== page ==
Philippine Foreign Secretary Teodoro Locsin Jr issued on Friday, July 3, a stern warning against China to back off from conducting military drills in Philippine territory, issuing a threat that doing so will be met with the “severest response.”
Framed beside the Philippine flag, Locsin delivered the warning himself in a rare video message that underscored the Philippines’ “interest and concern” over reports that China’s People’s Liberation Army Navy was conducting military drills in the Paracel Islands until July 5.
Locsin, who noted the exercises were taking place in the Paracels over which Vietnam claimed sovereignty, said that if the Chinese Navy stuck to its coordinates it would not impinge on Philippine territory.
Yet, the top diplomat warned: “Should the exercises spill over to Philippine territory then China is forewarned that it will be met with the severest response, diplomatic and whatever else is appropriate.”
During the period of exercises, China had announced no vessel will be allowed to navigate in the area and that all ships will have to “follow the guidance of the commanding Chinese ship on the site.”
Locsin said China, like other countries, was allowed to invoke freedom of navigation rights in its military exercises, “But that freedom, it bears reminding, requires a straight and uninterrupted voyage.”
Locsin was referring to naval practice where innocent passage of vessels should be done the shortest way through. Otherwise, a deviation from this would no longer be considered innocent passage.
“At a time like this, one would think that simulated military exercises would be more in keeping with the spirit of friendly cooperation that China has encouraged everyone to take. On the practical side, there are the open seas. Unless again the purpose is to establish a perennial and unchallenged presence that may in time congeal into right,” he said.
A rare move. Locsin’s message is unprecedented in many ways.
The foreign affairs chief, after all, rarely issued recorded statements in the past. It was also uncommon for his predecessors, including former foreign secretary Albert Del Rosario, who helmed the department as the Philippines took China to court over its attempts to claim the West Philippine Sea as its territory.
Locsin had likewise usually announced the filing of diplomatic protests through his Twitter account or through statements issued by the Department of Foreign Affairs.
In his message, Locsin also called out China's earlier move to establish administrative districts in the South China Sea, one of which claimed the Kalayaan Island Group in the Spratly islands in the Philippines as part of its territory.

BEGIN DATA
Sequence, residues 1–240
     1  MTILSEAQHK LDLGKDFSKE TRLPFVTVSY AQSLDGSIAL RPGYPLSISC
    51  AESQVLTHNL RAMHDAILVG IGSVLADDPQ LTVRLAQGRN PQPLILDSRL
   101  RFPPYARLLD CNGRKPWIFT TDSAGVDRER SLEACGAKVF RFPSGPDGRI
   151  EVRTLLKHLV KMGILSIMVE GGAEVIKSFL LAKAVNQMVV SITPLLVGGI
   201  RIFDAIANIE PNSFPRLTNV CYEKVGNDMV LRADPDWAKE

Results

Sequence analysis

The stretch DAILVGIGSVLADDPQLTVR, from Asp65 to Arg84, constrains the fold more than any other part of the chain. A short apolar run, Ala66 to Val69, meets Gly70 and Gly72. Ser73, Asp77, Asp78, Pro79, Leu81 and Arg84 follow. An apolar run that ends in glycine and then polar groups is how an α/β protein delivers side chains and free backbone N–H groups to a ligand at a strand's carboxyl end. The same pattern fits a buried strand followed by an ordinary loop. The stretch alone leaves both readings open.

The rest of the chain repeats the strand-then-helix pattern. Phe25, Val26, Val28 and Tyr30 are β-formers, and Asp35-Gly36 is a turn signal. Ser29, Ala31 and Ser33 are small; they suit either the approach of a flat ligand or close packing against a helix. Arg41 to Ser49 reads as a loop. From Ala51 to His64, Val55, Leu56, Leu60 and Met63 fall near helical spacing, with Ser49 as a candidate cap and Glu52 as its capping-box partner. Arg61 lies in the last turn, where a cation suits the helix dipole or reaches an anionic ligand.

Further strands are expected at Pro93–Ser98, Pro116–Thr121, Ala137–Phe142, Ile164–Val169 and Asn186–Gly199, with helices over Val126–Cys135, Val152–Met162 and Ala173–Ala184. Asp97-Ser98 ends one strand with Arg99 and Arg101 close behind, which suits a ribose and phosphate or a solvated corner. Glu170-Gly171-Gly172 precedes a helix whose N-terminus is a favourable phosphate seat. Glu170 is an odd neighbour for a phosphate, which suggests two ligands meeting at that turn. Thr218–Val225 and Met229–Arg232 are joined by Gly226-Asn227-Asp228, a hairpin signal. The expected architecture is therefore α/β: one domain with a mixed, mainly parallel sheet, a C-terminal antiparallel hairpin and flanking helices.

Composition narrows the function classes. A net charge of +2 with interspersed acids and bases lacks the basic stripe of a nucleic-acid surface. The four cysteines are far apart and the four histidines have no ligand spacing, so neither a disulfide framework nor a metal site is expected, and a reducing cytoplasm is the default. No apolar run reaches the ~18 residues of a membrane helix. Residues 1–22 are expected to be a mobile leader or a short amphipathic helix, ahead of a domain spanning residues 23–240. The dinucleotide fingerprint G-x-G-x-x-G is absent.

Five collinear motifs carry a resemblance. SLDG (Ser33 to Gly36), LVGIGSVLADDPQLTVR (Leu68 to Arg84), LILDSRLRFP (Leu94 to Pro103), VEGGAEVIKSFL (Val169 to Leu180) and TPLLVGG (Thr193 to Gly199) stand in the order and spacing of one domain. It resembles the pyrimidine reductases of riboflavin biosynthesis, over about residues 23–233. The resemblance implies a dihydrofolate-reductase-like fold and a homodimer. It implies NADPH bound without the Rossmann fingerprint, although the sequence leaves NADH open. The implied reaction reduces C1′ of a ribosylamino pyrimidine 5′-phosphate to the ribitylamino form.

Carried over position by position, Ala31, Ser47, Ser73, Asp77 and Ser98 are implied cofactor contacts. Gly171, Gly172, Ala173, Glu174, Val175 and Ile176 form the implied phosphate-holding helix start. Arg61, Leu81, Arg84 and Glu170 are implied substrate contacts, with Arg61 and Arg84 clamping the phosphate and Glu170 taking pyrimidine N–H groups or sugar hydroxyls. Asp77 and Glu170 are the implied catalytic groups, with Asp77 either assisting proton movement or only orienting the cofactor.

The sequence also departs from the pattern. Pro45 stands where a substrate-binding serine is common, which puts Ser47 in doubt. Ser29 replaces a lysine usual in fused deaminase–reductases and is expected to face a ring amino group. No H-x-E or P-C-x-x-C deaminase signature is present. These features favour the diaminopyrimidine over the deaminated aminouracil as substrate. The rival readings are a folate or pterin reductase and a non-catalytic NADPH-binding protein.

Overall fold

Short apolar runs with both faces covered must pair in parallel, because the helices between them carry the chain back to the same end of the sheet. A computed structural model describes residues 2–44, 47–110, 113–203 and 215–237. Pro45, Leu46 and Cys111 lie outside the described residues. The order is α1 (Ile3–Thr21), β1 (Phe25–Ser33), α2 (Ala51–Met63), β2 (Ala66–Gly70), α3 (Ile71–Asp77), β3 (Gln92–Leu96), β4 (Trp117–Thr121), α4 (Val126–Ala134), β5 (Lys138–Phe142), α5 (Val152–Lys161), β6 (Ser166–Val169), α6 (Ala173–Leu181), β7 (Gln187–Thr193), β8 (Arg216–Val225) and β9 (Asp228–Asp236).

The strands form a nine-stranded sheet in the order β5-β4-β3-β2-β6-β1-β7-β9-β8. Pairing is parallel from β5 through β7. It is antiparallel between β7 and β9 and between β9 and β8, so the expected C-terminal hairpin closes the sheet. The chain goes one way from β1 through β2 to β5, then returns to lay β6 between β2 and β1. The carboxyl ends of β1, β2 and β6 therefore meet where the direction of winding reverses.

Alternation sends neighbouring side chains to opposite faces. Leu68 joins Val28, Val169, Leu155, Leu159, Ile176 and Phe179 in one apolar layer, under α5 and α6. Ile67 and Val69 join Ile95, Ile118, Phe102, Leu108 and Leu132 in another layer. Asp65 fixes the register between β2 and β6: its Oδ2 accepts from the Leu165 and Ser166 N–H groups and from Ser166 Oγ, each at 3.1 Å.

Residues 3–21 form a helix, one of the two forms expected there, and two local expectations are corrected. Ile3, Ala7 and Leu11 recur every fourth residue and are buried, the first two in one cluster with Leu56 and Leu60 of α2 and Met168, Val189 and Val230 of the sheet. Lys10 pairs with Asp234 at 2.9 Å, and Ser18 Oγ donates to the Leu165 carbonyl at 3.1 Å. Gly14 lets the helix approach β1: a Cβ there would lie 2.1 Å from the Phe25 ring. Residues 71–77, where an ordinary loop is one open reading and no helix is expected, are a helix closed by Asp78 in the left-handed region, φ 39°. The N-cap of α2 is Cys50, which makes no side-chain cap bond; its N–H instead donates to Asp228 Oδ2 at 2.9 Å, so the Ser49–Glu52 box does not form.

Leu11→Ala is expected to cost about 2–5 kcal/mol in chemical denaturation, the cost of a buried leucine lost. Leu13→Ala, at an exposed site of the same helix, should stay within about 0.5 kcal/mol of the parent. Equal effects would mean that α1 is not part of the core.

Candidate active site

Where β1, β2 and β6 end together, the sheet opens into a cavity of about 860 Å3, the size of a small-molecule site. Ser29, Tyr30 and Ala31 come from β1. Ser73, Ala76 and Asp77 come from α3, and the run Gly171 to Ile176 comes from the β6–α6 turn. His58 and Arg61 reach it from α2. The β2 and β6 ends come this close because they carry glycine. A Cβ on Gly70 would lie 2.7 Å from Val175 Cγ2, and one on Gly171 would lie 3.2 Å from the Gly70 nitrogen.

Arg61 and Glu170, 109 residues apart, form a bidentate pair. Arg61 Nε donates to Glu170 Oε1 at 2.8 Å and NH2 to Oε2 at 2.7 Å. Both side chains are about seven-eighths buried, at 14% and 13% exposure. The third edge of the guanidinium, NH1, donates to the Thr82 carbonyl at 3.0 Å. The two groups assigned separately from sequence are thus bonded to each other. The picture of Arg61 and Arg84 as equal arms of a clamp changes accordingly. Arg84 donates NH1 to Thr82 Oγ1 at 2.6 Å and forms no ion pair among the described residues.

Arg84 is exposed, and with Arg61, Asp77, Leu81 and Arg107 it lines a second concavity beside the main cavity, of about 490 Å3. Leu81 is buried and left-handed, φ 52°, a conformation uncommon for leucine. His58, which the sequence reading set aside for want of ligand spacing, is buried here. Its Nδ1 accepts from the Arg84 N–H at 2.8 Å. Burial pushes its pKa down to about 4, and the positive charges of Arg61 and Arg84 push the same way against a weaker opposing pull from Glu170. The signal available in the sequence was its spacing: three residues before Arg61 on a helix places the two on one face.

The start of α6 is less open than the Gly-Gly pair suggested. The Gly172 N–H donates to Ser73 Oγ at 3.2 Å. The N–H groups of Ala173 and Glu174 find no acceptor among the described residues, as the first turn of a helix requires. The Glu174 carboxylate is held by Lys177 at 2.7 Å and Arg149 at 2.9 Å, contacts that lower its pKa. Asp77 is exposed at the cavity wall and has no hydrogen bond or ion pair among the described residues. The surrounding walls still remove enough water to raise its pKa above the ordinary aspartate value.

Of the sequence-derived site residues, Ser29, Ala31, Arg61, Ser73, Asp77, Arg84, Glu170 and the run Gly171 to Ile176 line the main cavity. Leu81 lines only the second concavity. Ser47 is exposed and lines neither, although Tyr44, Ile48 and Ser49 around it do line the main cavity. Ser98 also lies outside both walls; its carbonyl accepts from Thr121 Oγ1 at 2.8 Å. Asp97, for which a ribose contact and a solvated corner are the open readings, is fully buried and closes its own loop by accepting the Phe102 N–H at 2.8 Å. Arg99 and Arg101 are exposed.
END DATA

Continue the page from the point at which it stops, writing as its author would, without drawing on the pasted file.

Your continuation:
"This is the problem with playing fast and loose with historical narratives and historical names; they open themselves to error; unless the real purpose is to excuse unchallenged mistakes that may over time harden into rights," he said.
The Philippines earlier protested China's creation of administrative districts and naming of underwater features throughout the South China Sea.
Staying 'realistic': The message to China was spliced with Locsin noting Beijing was among the Philippines' largest trading partners and that relations remained essential to responding and recovering from the coronavirus pandemic.
Calling for sobriety, Locsin then called on parties to refrain from conducting activities "that would complicate or escalate disputes and affect peace and stability especially in this pandemic."
"I will end on what has become a trite but still true statement: We call on the erring parties to refrain from escalating tension and abide by the responsibilities under international law, notably UNCLOS," he said, referring to the United Nations Convention on the Law of the Sea.
China's military drills in the South China Sea are the latest in a series of actions denounced by Southeast Asian countries including Indonesia, Vietnam, Malaysia, as well as, the United States. Like the Philippines, Vietnam protested China's military drills in the Paracel islands.
Beijing's continued aggression during the pandemic had also prompted President Rodrigo Duterte to suspend his decision to terminate the Philippines' Visiting Forces Agreement (VFA) with the US.
The VFA is considered a deterrent to China's expansionist claims as it operationalizes the two countries’ Mutual Defense Treaty where both sides commit to defend one another in case of an attack. – Rappler.com